Q: There has been talk in recent years that the Ducati effort has been spectacularly quick, but perhaps the consistency needs to be better addressed. Thoughts?

SR: Yeah, when you look back and you look at our bike, it is very new, They’ve only had it now two seasons, so it’s not like they’ve been developing the bike like Kawasaki. Kawasaki has had the same bike, more or less, for five, six, seven years. This Ducati is a new project, so there is always little things that we need to improve, you know? The old Ducati was quite consistent and I believe that our bike is very consistent. It’s just weak in one or two areas, but that’s the one or two areas that we know that we can work on. If we can improve that the rest of our package is super-strong.

Q: With you on the Ducati in 2020 and Alvaro Bautista racing the Ducati in 2019, both of you excelled immediately and were rocket-fast the first half of season. However, in both years, the Ducati was not as fast the second half of season.

SR: That doesn’t really make sense to me because in Estoril we was the fastest in every single session. I had to start from the back of the grid due to the crash in qualifying. Ducati was first and second in the last race of the season, so I don’t really agree with that. At Magny-Cours, it was wet and I had never been there, and I won the last race and just missed out two other podiums.

It wasn’t that we were dropping off; we were super-strong. It’s just some circuits suit other bikes. This where having the same bike for years, you’ll fine-tune it to where when you ride the track on your Kawasaki, you’ll know exactly what’s got to go into the bike. Whereas, when I ride a track, it’s still fresh for the Ducati V4 R, and I sometimes don’t know the track, so it is setting up electronics and tuning the tires is a long process for us. But if you look to all of the races, by the end of the weekend we was always on the podium or even winning races at tracks we don’t know, so it shows that we were building momentum. We were coming from zero, where as other guys and other manufacturers already know where to start.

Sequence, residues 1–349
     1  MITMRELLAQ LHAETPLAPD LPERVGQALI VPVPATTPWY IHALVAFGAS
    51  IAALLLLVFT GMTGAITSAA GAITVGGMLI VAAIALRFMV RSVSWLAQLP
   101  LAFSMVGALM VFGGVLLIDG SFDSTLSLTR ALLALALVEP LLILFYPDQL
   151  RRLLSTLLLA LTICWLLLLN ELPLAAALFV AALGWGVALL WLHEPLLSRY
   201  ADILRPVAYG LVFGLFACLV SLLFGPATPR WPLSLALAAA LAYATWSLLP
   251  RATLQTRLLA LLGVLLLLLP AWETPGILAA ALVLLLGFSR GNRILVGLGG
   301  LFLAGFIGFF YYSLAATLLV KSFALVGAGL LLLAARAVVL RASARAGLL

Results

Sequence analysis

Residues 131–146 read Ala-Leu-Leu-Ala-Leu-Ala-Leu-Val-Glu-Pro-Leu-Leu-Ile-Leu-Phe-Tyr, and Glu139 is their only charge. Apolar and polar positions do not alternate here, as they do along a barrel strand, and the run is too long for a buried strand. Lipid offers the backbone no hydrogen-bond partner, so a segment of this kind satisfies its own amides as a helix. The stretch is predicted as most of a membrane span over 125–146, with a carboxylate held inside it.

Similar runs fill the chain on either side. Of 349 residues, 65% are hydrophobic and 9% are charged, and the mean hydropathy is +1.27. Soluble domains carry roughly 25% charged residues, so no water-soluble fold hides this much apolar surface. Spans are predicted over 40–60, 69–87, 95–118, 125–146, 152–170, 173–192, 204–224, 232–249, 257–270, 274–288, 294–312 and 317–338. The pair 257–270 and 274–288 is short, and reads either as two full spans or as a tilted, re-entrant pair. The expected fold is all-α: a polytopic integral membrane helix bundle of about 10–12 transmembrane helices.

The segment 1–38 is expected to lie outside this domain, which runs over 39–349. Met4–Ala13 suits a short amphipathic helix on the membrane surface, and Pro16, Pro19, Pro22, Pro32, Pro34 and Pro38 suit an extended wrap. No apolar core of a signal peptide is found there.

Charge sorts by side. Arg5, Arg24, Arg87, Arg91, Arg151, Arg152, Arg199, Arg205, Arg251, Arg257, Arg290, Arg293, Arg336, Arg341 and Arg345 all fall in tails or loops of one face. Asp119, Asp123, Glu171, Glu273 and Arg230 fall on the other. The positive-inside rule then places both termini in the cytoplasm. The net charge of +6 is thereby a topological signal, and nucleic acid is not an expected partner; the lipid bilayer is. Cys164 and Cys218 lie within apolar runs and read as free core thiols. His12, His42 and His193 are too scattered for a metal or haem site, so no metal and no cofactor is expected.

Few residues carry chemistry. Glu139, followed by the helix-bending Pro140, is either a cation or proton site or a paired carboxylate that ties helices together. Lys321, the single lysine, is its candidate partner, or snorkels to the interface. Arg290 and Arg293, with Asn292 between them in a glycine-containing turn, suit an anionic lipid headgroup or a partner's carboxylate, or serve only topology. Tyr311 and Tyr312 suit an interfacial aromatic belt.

Q: What does Rea and Kawasaki have that Redding and Ducati does not?

SR: What’s the word I’m looking for? Not experience, but basically we turn up to a track and we’ve got Kawasaki and Jonathan Rea, and they’ve been together on the same package for five years. So five years on the same package, on the same tracks with the same rider making the same result. It’s like routine for them.

Whereas I didn’t know some of the tracks – I’ve never raced World Superbike – and the bike was very new, so 2021 should be a lot stronger for us. We’ve got the equipment and we’ve got the knowledge from the tracks. I don’t need to learn anything. I don’t need to learn anything. I don’t need how to earn how the three races go. I’ve got confidence that I can fight to win. I’ve got the experience to be there. I’ve got all that ticked off my list where I can now focus on winning.